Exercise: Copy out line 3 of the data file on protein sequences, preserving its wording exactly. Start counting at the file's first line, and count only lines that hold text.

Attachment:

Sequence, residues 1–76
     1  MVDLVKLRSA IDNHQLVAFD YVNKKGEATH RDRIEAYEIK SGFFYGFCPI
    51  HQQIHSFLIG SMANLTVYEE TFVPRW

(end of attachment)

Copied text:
    51  HQQIHSFLIG SMANLTVYEE TFVPRW